|Publication Type:||Journal Article|
|Year of Publication:||1999|
|Authors:||D. J. Emlen, H. Nijhout F.|
|Journal:||Journal of Insect Physiology|
|Keywords:||Horned beetle, Juvenile hormone, male dimorphism, Polyphenism, Threshold|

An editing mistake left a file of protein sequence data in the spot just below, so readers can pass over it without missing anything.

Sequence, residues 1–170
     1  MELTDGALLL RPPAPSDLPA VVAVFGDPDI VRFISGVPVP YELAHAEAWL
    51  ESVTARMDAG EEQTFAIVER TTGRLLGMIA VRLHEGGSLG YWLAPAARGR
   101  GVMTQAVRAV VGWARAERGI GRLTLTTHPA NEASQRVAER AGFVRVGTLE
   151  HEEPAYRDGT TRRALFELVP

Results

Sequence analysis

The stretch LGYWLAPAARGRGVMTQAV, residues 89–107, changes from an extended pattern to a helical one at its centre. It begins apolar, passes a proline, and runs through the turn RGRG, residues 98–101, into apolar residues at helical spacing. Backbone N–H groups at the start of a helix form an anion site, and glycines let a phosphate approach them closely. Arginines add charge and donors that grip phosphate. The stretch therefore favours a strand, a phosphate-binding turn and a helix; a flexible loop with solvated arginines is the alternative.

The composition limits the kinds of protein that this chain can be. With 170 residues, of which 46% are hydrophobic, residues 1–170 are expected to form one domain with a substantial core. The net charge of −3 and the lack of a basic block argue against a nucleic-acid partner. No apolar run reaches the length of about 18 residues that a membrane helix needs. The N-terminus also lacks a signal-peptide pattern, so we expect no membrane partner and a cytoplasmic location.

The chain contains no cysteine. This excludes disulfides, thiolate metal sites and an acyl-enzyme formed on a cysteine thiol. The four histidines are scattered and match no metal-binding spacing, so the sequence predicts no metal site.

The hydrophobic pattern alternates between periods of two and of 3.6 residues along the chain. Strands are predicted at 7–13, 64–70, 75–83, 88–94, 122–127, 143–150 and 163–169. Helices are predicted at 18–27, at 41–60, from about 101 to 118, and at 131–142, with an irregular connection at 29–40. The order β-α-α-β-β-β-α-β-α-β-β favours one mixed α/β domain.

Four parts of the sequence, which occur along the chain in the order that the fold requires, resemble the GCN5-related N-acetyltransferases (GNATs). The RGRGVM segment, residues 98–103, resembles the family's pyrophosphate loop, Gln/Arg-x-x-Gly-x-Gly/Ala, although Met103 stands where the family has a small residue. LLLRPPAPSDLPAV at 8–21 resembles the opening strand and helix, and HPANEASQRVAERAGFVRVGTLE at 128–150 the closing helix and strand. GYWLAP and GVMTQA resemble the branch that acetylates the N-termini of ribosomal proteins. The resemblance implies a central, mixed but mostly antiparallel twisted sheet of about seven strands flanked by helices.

Male dung beetles (Onthophagus taurus) facultatively produce a pair of horns that extend from the base of the head: males growing larger than a threshold body size develop long horns, whereas males that do not achieve this size grow only rudimentary horns or no horns at all. Here we characterize the postembryonic development of these beetles, and begin to explore the hormonal regulation of horn growth. Using radioimmune assays to compare the ecdysteroid titers of horned males, hornless males, and females, we identify a small pulse of ecdysteroid which is present in both hornless males and females, but not in horned males. In addition, we identify a brief period near the end of the final (third) larval instar when topical applications of the juvenile hormone analog methoprene can switch the morphology of developing males. Small, normally hornless, males receiving methoprene during this sensitive period were induced to produce horns in 80% of the cases. We summarize this information in two models for the hormonal control of male dimorphism in horn length.